[UK] Marina Tex is a biodegradable bioplastic has won the UK section of James Dyson Award 2019. The bioplastic is made from red algae and other waste products from the fishing industry. Created by Lucy Hughes, Marina Tex is an alternative for single-use plastics, for instance those used for sandwich packets.
“Unlike some other bioplastics which needs special infrastructure and higher temperatures, this material will biodegrade in kind of lower temperatures, which can be achieved in, kind of, home compost bins,” explained Lucy Hughes, a design graduate of the University of Sussex.
Hughes’s design is driven by her belief that waste has real value, hence she developed bioplastic from materials which are usually thrown away.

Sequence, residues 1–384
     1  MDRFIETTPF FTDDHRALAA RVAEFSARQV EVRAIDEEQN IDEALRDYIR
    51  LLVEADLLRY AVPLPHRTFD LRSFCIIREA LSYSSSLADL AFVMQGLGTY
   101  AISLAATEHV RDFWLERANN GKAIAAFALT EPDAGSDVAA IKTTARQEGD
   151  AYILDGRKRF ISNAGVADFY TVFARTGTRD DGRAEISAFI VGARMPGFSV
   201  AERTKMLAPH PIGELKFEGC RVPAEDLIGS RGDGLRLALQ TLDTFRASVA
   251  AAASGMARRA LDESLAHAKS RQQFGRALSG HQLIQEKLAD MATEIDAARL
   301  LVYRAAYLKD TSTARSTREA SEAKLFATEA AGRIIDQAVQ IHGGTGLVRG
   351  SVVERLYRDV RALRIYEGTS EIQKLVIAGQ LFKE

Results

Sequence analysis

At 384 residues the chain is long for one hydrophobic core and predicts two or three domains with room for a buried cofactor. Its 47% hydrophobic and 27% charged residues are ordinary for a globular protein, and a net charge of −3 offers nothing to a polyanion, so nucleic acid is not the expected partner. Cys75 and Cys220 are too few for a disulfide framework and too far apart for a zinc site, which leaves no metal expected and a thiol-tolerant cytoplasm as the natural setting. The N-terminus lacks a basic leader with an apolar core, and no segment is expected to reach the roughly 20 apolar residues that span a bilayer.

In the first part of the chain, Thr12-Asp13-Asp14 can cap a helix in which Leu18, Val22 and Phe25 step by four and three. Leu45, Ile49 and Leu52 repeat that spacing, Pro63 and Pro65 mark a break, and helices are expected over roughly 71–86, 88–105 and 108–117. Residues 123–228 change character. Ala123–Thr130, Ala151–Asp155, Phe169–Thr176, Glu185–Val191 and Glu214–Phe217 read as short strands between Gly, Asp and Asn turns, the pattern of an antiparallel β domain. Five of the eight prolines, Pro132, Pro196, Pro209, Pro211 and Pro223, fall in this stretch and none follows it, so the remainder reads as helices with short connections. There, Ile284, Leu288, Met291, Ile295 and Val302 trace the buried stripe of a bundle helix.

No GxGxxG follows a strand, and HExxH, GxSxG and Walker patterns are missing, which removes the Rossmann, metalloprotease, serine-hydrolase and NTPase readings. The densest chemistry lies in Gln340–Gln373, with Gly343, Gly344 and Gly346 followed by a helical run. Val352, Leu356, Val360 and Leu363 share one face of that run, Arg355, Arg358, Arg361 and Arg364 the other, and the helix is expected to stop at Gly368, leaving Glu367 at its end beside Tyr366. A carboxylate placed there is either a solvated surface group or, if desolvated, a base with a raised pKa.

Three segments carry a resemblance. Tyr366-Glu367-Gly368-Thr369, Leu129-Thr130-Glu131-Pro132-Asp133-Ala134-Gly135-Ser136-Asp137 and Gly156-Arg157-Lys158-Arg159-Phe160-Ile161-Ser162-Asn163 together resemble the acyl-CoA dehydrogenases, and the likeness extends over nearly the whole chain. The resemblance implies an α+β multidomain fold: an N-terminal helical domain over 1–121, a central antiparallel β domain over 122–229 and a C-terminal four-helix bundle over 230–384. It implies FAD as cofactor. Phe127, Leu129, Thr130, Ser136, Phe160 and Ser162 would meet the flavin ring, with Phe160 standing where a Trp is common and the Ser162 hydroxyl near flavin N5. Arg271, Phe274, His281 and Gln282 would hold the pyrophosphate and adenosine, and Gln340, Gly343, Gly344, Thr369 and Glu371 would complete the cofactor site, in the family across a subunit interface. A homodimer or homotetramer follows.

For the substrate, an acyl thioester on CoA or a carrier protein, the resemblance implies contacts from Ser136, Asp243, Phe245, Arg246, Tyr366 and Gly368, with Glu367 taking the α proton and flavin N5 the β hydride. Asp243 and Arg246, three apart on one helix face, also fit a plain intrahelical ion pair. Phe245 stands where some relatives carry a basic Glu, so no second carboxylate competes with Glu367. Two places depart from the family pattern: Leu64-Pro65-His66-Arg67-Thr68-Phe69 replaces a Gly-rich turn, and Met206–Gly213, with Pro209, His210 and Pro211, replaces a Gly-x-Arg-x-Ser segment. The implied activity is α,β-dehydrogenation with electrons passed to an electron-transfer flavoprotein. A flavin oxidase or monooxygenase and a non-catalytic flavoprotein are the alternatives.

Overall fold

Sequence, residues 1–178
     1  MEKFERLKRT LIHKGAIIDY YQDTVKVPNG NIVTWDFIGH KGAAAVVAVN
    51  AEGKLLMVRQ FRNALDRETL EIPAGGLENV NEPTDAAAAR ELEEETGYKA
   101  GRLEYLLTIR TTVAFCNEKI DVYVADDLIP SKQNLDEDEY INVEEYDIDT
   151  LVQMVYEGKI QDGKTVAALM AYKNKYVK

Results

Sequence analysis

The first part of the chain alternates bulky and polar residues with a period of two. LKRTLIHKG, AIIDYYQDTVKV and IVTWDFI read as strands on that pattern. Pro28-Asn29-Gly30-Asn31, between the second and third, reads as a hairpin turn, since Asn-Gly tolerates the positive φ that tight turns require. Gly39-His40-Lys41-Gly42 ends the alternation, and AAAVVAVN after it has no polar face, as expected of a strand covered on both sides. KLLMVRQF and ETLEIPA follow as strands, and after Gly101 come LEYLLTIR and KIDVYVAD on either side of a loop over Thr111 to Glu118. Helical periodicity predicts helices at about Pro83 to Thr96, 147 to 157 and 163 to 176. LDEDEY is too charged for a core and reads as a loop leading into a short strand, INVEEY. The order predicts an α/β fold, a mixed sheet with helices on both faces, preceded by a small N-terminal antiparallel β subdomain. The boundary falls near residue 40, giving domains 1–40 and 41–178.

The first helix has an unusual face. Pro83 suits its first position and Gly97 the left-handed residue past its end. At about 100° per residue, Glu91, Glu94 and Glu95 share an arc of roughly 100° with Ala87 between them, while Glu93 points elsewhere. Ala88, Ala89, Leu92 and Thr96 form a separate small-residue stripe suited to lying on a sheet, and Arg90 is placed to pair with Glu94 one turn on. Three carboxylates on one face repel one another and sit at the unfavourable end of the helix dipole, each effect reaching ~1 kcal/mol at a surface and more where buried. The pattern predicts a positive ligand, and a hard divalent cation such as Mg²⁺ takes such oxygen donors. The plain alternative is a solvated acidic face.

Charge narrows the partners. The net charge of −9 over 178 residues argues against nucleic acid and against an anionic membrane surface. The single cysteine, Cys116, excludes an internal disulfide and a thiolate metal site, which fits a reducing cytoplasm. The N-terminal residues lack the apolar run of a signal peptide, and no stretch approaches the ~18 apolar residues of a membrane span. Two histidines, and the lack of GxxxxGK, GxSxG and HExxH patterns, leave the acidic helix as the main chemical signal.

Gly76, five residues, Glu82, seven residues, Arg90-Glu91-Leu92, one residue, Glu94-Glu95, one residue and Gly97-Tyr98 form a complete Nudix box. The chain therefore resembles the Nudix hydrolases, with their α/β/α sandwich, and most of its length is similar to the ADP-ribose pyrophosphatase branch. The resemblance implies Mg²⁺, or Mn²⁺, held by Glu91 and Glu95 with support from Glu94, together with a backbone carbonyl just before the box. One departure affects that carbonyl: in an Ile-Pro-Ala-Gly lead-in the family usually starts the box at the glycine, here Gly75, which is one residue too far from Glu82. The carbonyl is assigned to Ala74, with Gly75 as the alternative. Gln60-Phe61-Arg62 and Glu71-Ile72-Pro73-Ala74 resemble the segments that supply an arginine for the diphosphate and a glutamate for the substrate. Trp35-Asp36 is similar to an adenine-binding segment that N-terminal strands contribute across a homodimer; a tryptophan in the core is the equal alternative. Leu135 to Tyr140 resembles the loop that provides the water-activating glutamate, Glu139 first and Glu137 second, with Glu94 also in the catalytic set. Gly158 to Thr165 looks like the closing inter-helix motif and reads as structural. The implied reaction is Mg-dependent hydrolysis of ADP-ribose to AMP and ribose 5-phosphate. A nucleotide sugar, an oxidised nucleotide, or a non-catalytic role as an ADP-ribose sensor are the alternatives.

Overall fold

When asked about the cost effectiveness of the bioplastic, Hughes said since it was made from waste material rather than virgin material, one can get this material from lower cost and even for free sometimes. It is roughly same as an LDP plastic bag.
The material is hence both cost effective and biodegradable, thus becoming worthy of the James Dyson Award.
Hughes is presently working on gathering grants and funds for Marina Tex. With more efforts into R&D, Hughes hopes to bring the material to its best qualities.
View original article at: Marina tex, a biodegradable plastic from fish algae and other fish waste
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